The use of antibiotics being noninducers (such as clindamycin) for treatment of an infection due to a Staphylococcus aureus that is inducibly resistant to MLSB antibiotics is not devoid of risk. In the presence of these antibiotics, constitutive mutants can be selected in vitro at frequencies of ∼10−7 cfu. Previous reports have demonstrated the risk of selection of constitutive mutants during the course of clindamycin therapy administered to patients with severe infections due to inducibly erythromycin-resistant S. aureus [39, 40]. In addition, the risk for selection of a constitutive mutant is higher if, at the site of infection, staphylococcal inoculum is higher.

According to the rules of EUCAST, if a staphylococcal isolate with an inducible MLSB phenotype is detected, it must be reported as resistant and considered adding this comment to the report “Clindamycin may still be used for short-term therapy of less serious skin and soft tissue infections as constitutive resistance is unlikely to develop during such therapy.”

The ermA and ermC are the most common determinants in staphylococci [41]. The ermA genes are mostly spread in methicillin-resistant strains and are borne by transposons related to Tn554, whereas ermC genes are mostly responsible for erythromycin resistance in methicillin-susceptible strains and are borne by plasmids. Recently, the ermT gene was found to be present in livestock staphylococci [21].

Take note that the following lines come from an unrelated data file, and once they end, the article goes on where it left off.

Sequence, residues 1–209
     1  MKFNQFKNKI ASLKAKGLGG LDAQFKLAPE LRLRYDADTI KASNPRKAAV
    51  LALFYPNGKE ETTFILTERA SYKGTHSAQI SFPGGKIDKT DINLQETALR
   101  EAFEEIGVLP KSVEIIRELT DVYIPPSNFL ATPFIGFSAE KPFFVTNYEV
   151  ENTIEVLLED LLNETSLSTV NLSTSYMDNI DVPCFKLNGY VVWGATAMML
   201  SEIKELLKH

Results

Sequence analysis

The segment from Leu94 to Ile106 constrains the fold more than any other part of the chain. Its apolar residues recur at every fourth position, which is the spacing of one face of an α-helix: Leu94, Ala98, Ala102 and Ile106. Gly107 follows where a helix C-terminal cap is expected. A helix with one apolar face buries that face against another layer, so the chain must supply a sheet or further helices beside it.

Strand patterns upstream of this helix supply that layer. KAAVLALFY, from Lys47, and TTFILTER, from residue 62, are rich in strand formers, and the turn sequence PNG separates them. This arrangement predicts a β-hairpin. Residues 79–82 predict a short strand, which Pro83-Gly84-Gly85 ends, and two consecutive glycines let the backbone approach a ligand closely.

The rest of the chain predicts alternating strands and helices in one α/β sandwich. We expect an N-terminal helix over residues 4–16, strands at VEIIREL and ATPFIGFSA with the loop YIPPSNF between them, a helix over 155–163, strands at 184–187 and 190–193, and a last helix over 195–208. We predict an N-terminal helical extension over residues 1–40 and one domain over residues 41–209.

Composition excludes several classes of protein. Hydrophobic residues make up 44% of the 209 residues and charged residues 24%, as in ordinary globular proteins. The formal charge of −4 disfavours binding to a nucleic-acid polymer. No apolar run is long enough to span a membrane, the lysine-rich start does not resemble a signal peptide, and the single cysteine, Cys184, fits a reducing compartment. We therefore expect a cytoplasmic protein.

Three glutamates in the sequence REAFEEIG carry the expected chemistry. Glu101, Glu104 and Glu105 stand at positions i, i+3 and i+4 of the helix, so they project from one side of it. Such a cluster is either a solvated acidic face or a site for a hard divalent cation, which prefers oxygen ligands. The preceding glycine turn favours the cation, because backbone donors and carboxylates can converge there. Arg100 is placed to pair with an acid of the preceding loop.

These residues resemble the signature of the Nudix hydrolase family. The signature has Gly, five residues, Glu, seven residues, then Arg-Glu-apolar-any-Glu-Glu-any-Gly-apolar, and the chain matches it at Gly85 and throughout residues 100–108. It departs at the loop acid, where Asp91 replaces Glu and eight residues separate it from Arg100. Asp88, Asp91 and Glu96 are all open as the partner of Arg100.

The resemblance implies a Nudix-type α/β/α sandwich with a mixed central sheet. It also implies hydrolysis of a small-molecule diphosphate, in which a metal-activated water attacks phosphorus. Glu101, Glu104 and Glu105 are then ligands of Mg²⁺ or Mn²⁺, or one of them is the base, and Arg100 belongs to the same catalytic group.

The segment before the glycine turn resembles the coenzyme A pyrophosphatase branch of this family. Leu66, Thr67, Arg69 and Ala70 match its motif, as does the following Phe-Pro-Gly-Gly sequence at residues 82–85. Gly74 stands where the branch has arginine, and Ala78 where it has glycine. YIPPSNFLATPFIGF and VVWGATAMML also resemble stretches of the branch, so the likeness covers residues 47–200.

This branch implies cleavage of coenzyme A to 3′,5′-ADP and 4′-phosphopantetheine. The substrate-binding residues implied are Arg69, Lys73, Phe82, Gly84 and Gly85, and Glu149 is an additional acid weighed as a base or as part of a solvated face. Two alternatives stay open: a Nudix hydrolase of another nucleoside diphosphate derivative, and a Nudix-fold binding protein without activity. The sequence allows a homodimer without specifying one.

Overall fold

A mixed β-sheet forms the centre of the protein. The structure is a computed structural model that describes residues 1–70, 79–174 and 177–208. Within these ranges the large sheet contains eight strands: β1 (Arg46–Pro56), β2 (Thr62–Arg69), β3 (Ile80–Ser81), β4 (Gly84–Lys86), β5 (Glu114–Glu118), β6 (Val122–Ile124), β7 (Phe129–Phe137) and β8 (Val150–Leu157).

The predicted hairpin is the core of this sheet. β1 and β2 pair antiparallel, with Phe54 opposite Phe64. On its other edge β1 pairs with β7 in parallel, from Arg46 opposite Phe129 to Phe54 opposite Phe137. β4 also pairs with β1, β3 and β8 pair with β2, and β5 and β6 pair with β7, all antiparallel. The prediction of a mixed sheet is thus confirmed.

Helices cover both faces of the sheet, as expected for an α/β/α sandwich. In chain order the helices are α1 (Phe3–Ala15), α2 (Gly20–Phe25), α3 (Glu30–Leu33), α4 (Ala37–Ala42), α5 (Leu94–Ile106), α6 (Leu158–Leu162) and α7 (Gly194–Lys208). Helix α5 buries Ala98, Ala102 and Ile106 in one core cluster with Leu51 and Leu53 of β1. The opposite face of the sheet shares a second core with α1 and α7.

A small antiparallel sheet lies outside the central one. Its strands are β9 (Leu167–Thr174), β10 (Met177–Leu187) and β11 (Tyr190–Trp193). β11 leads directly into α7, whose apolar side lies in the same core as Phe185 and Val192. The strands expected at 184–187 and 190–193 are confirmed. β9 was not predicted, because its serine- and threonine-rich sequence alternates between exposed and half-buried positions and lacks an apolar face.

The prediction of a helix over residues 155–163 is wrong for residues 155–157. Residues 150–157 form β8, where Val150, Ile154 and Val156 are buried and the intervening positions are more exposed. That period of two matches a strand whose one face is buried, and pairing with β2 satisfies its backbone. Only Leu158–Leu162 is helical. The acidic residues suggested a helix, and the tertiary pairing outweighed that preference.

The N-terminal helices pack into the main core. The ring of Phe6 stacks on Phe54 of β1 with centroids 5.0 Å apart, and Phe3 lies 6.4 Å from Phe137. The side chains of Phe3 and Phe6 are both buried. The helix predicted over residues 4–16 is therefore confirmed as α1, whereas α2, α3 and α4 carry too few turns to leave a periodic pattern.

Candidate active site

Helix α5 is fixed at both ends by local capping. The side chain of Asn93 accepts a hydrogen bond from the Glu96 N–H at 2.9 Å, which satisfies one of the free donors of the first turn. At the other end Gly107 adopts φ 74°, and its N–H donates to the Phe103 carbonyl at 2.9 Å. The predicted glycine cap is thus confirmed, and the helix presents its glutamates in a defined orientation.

4.2. MSB-phenotype (msrA genotype)

MSB phenotype is associated with resistance only to 14- (clarithromycin, erythromycin, roxithromycin) and 15-membered ring macrolides (azithromycin) and streptogramin B, while 16-membered ring macrolides (josamycin and spiramycin) and lincosamides remain active [12, 15]. The msrA resistance determinant was originally detected in Staphylococcus epidermidis, and, since then, it has been found in a variety of staphylococcal species, including S. aureus. The MSB resistance phenotype is inducibly expressed by 14- and 15-membered macrolides. Streptogramins B are not inducers and, therefore, the msrA-positive strains are resistant to streptogramins B only after induction. The 16-membered ring macrolides and lincosamides are neither inducers nor substrates for the pump. Thus, msrA-positive strains are fully susceptible to these antimicrobials.